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The Abbeville press and banner. [volume] (Abbeville, S.C.) 1869-1924, December 17, 1869, Image 1

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Fall and Winter, 1869?SpecialtiesDry
Goods and Millinery.
Messrs, Fowtxu & McDonald arc
now bettor prepared to show tho La
dies of Abbeville District a handsome
stock of Dry Uoods than ever before
Tho Ladies are especially invited tc
axamiuo their stock before buying
They will always strive to keep good?
suited to the taste of the Ladies 01
our District. In the Dress Coods Do
partnient the}' have beautiful plain
striped and plaid Poplins, DeLmnes
Empress Cloths, Reps, Flannels
Silks, etc., Black Alpacas. Open
Flannel, DeBagcs and Silks. Thej
have a full stock of ILouso Furnishing
Goods in Blankets, Counterpanes
Shootings, Towelings, Curtain Mate
rials, Shades;Tabic Damasks, Diapers
Long Cloths, Napkins, Doylas, Lin
?ns, Carpetings, and Wall Papering
-Also. HokICI'V (-Jlnv-PQ "Rvairl.1 Tnimu
, j , ?i ?-?'l
llankerehiefs aud overy thing in
"White Goods.
In tho Gentlemen's Furnishing Pe
partmcnt they luivc a splendid lino
of Cloths, Cassitneres, Corduroys,
Jeans, Kerseys, Shawls, Collars,
Cuffs, Cravats, Hoso, Suspenders,
Shirt Fronts, Gloves, Shirts, and
Abbcvillo can boast of as fine n
Millinery llouso as any in in the
State of South Carolina?in fact., as
fine as any in any city, 2\orth or
South. The stock will compare with
any Retail House in Charleston, Baltimore
or Xow York. Tho Ladies
oan have no plea for sending off for
their millinery any longer, for Messrs.
T 1 ff- . 7 \ .11 *
j. uwici ct jiffonaiu can snow as pretty
goods, as fine goods, as stylish
goods as can bo found in Baltimore
or New York. And, besides, they
can prove their prices to be from 25
to 50 per cent, lower than city prices.
They haye every stylo of Hat and
Bonnet that is out. Should any now
and novel st3'le make its appearance
in New York, they have arrangements
by which to get it immediate*,
hence there is no necessity for the Ladies
of Abbeville to pay city prices
when the}- can do better at home.
Mrs. Sap-ard has had experience,
both in Europe and America, and, we
think, has the confidence of every
Lady of taste in Abbeville. She. is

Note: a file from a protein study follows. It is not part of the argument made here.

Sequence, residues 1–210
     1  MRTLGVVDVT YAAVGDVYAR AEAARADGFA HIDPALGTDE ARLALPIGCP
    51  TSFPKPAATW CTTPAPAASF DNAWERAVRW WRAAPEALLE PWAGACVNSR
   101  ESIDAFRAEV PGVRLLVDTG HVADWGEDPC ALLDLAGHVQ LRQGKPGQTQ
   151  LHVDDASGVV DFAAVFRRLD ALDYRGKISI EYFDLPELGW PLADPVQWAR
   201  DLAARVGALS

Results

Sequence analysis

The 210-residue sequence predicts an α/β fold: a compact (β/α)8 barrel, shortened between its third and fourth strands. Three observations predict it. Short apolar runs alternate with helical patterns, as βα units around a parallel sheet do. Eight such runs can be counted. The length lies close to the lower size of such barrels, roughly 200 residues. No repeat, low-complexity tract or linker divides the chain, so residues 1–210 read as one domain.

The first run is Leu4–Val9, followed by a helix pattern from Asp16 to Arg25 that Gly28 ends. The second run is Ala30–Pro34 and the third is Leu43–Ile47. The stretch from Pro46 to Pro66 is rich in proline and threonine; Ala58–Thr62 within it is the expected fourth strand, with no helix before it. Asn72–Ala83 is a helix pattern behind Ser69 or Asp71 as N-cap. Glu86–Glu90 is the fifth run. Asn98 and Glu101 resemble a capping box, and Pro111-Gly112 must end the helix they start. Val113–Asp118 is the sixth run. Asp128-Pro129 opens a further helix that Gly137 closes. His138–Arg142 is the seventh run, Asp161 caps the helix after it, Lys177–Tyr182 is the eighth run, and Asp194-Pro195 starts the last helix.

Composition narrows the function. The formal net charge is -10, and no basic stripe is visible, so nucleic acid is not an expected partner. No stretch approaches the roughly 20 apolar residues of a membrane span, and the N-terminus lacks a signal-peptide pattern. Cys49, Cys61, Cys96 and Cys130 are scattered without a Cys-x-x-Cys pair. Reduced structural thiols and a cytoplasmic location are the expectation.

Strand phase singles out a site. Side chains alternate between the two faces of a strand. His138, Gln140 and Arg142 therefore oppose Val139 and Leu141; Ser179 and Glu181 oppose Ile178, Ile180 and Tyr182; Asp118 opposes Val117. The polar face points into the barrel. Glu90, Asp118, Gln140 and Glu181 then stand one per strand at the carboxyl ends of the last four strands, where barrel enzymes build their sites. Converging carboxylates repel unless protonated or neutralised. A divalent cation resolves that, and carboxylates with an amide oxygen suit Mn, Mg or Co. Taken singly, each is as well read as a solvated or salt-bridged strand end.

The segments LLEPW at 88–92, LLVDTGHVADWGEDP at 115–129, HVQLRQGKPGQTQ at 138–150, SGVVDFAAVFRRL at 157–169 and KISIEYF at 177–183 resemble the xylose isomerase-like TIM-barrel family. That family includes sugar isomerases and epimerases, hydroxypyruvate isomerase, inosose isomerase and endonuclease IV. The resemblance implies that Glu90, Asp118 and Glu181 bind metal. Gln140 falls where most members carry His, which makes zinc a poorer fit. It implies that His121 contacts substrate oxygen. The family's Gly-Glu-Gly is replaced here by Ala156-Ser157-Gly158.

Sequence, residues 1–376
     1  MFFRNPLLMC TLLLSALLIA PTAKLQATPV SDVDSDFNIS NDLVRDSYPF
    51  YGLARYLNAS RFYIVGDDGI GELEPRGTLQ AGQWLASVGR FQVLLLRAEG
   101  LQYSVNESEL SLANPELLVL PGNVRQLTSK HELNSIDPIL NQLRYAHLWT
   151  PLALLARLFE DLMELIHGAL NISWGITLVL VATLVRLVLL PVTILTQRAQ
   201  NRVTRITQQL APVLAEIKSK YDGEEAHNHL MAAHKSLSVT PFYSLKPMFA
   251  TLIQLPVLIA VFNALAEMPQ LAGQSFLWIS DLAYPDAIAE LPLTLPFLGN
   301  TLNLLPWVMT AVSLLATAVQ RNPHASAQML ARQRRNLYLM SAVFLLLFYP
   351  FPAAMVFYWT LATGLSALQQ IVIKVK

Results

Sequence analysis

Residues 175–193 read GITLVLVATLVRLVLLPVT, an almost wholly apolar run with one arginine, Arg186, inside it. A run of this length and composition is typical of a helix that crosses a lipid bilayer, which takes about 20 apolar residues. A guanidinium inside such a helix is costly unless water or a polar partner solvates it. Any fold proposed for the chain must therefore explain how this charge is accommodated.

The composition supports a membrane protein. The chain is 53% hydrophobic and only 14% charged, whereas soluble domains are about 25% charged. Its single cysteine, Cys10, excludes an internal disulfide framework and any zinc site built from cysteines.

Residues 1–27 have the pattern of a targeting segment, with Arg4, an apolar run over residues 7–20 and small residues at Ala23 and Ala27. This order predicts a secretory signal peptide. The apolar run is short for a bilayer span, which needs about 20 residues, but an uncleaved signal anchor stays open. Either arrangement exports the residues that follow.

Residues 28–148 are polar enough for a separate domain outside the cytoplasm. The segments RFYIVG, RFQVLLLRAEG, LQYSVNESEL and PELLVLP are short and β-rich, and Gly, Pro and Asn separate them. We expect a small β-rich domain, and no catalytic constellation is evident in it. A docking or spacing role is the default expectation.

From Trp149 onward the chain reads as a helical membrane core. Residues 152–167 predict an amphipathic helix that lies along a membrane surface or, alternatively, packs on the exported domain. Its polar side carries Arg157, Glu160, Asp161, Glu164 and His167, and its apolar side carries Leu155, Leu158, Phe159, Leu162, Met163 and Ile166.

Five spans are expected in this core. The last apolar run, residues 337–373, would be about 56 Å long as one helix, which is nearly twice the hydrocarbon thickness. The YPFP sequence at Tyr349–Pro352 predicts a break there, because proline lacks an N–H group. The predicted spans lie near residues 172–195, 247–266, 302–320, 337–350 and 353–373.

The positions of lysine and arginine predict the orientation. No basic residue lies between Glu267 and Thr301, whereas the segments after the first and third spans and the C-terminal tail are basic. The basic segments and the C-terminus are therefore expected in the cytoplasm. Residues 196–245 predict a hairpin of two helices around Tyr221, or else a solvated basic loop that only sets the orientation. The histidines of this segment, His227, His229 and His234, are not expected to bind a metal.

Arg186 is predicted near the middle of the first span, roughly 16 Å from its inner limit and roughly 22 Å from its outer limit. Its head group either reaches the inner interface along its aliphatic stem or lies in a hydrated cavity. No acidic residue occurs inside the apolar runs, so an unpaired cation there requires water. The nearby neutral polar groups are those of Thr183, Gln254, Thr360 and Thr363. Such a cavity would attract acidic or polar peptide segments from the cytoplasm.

assisted by Mrs. Jno. A. Wier whose
good taste and skill in* this Department
is well known to the Ladies of
Abbeville, and will always be pleased
to see her friends at the Emporium of
of Fashion. Mrs. Sassard and Mrs.
Wier will take pleasure to show the
Ladies, Flowers, Feathers, Bridal
Wreathe, Plumes, Birds, Ornaments,
.Ribbons, Sashes, Curls, Switches,
Chignons, Embroidered and Braided
V nlrflfi on/I Ql* i ??*a
* V?vw U1'V? jw^nviUj UAII lOj VA/IOCIO,
Pads, Breast Protectors, Buttons,
Trimmings, Laces, Edgings, Cloaks,
8liawls, Nubias, Hoods, Fur Capes
aid Muffs, Breakfast Shawls, Collars,
Cufla, Chemisette, Necklaces,
Shell and Gold Beads, cut and uncut
Velvets, Satins, Silks, trimmed and
untrimmed Patterns for all kinds of
Ladies' and Misses' Garments from
E. Butterick & Co., and Madame
Demorest, of New York, Kouchcs,
Hetts, Illusions, etc., etc.They
pay particular attention to
the getting up of Bridal Bonnets,
Veils, etc., and promptly attend to all
orders from a distance.
Salesmen in Dry Goods Department
?J as. W. Fowler, W. T. McDonald,
Marshall P. DeBruhl.
Millinery Department?Mrs. Sasgard
and Mrs. Wier.
Bv adhering strifflv In thn r-nnli avb.
/ 0 -J "J "
tem they are enabled to fcell fiDe goods
at reasonable prices.
For sale in Abbev\lle. Importat to
L<md Buyers.
A ACRE lot in Greenwood, with fin*
improvements; SO acre* in original
fsrest?large young orchard. This place can
be bought low, ue ihe owu?r hun o use Tor it.
Two 16 acre lots on main street, in earns villare,
well improved.
Tines vacant lots near depot, desirably located,
greater portion of "aclt in forest. contain
inp from 80 to 200 Acre*. One tract of 800
acres, known as Whit# Hall; 800 acres in forest,
60 acres prime bottoms; well improved,
and contains aft exce'lem store bouse, aud is a
gsod mercantile stand.
Ona farm on Saluda river, of 850 acres, ]2i
ia forest, 20 acres in new lioitom*, 100 ai-rea
f upland1* fiue for cotton, all under good f?*nc<?.
comfortably improved for tenants. Excellent
f?UA eu the river and well adapted to machinery.
Oue farm adjoluine the aln>ve on Turkpy
cre?k, o 1 450 acr?-*, 100 seres uplaud cleared,
60 acres ifood bottom*, butanes in original for
est Mid pints, feueing good, and good ten?nt
One farm of 22 acres, in Edgefield, five
mil4s from Ninety riix depot, 05 acres in cultivation,
Orehaid from 3 to 4 acres, trees iu good
condition. This place u well improved.
One farm of 800 acres, in Edgefield?exceleot
One farm of 900 acres*, in Abbeville, on
Coronac creek. 100 acres io bottoms, well improved
for tenant*.
On* farm of 300 acres, on same creek, superior
cotton land 126 acres of superior bottom*?iii
fins Condition.
One fqnn of 600 acres, on sam? creek, sup*
rior imnrar*nif>nta for family riiii#]?n/u t?i"l
f Ibe first quality.
Th? above lands cau be brmglit low.
For terms apply te tbe Lend Certipany, al
Greenwood. J. T. PARKS,
W. K. Elakb, President.
Secrniarj. 16. tf
Of?ra fart*le* large and well eel ee ted dock ol
.GwUatnan't Furnishing Goods.
Hatft, Tfttoka, Umbrellas, &c., which w*r?
benght at low price* end will be told cheap
Nortk Carolina Bniik BilU Imuffht.
Store on Main Street, a few door* below
? * tb? Colombia Hotel.
'i A fall asMrtm^nt of
Brandies wines, whiskiei
ott baoil and f or Mleby
^ ' r T
' < * w ' ' ' '
Certificates of Deposit.
> The Carolina National Bank. ]
, ?"vV - i ? " . /
| x irsoiuiiuii ?ji <im uoitru ??i i/irec.
II tors of tbi* Bank, Certificates of
} Deposit will ha issued, drawing interest at 1
f ilio rate of seven per cent. l'kr annum '
- llio local rale for money in the State o!
, South Carolina, for suiiih deposited in this
, manner, to remain not le?a than thirty _